Change means a tax code that doesn’t reward the lobbyists who wrote it, but the American workers and small businesses who deserve it.

Unlike John McCain, I will stop giving tax breaks to corporations that ship jobs overseas, and I will start giving them to companies that create good jobs right here in America.

I will eliminate capital gains taxes for the small businesses and the start-ups that will create the high-wage, high-tech jobs of tomorrow.

I will cut taxes – cut taxes – for 95% of all working families. Because in an economy like this, the last thing we should do is raise taxes on the middle-class.

…America, now is not the time for small plans.

Now is the time to finally meet our moral obligation to provide every child a world-class education, because it will take nothing less to compete in the global economy. Michelle and I are only here tonight because we were given a chance at an education. And I will not settle for an America where some kids don’t have that chance. I’ll invest in early childhood education. I’ll recruit an army of new teachers, and pay them higher salaries and give them more support. And in exchange, I’ll ask for higher standards and more accountability. And we will keep our promise to every young American – if you commit to serving your community or your country, we will make sure you can afford a college education.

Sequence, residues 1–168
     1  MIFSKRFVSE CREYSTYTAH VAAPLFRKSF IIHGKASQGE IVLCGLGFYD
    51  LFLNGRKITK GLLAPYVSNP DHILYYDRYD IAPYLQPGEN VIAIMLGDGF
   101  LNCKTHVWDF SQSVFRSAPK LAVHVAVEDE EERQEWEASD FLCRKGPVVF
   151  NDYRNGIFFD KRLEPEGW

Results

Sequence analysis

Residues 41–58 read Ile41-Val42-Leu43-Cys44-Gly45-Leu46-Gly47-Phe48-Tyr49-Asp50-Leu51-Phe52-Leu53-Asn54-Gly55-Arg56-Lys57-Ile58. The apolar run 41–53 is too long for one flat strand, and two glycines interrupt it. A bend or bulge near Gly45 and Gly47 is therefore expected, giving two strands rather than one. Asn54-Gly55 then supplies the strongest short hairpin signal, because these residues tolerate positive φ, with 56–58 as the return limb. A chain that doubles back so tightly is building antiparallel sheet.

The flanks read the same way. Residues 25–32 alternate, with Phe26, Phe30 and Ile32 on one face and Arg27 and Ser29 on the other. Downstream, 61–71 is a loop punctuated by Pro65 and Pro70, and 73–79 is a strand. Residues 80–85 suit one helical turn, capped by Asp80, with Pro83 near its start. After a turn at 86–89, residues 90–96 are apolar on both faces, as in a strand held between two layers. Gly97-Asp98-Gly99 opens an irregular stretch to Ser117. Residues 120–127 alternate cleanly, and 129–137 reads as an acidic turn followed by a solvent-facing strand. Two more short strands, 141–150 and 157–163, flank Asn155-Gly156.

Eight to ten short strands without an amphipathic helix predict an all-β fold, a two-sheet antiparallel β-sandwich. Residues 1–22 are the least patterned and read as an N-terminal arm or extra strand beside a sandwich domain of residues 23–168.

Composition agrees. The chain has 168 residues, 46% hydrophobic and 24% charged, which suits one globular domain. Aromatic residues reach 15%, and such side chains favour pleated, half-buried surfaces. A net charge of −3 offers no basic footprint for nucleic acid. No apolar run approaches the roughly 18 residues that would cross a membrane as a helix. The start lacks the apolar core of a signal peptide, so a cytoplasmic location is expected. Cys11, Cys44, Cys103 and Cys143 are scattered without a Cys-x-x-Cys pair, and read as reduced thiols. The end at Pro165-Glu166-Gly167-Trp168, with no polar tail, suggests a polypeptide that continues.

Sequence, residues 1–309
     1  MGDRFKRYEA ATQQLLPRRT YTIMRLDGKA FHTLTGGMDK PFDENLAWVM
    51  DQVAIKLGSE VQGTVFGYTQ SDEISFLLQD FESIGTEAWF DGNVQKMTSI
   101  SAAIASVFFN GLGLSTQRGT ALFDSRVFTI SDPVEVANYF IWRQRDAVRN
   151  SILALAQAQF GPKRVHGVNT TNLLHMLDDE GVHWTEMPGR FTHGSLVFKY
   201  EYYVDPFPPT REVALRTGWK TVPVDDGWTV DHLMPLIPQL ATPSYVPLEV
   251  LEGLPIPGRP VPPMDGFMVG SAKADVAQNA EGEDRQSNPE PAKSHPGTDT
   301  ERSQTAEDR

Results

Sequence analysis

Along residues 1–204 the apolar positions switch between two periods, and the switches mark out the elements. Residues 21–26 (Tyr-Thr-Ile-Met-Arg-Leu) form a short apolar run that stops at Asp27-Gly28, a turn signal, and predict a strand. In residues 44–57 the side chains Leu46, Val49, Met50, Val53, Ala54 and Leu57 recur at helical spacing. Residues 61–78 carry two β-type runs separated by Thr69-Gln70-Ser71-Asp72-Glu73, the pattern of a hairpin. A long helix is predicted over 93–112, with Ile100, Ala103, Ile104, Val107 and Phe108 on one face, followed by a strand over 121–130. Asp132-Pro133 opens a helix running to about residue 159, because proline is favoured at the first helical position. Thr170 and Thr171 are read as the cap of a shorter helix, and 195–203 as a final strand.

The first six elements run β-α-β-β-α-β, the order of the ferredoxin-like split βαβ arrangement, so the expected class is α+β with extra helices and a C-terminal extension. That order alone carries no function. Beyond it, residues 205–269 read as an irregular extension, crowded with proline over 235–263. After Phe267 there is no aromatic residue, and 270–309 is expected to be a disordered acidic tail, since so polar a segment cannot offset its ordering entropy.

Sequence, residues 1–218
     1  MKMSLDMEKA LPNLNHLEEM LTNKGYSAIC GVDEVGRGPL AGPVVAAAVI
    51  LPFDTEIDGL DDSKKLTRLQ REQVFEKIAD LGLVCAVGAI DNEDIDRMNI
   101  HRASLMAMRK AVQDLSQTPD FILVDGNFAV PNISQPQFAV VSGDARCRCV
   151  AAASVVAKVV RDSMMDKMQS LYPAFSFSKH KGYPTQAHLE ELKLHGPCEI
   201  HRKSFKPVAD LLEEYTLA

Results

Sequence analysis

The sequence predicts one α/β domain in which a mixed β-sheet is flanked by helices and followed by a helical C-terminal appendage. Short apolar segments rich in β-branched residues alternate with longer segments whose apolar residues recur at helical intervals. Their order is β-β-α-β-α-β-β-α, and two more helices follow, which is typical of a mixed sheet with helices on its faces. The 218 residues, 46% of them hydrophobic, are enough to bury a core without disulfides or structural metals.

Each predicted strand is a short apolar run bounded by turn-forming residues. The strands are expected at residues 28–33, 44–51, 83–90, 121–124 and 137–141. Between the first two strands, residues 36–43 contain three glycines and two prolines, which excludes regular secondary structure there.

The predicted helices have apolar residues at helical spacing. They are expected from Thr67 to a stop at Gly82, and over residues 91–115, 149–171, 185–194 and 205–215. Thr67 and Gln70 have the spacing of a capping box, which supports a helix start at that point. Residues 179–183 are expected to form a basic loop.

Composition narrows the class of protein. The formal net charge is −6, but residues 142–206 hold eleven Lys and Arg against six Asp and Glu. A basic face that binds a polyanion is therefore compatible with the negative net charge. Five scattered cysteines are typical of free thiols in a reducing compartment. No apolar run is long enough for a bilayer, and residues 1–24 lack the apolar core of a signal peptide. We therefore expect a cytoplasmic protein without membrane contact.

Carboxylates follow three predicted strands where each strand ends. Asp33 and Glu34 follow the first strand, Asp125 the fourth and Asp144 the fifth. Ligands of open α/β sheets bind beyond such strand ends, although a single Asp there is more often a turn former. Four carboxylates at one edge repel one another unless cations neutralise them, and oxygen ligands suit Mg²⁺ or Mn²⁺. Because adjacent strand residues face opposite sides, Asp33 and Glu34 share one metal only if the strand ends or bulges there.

Now is the time to finally keep the promise of affordable, accessible health care for every single American. If you have health care, my plan will lower your premiums. If you don’t, you’ll be able to get the same kind of coverage that members of Congress give themselves. And as someone who watched my mother argue with insurance companies while she lay in bed dying of cancer, I will make certain those companies stop discriminating against those who are sick and need care the most.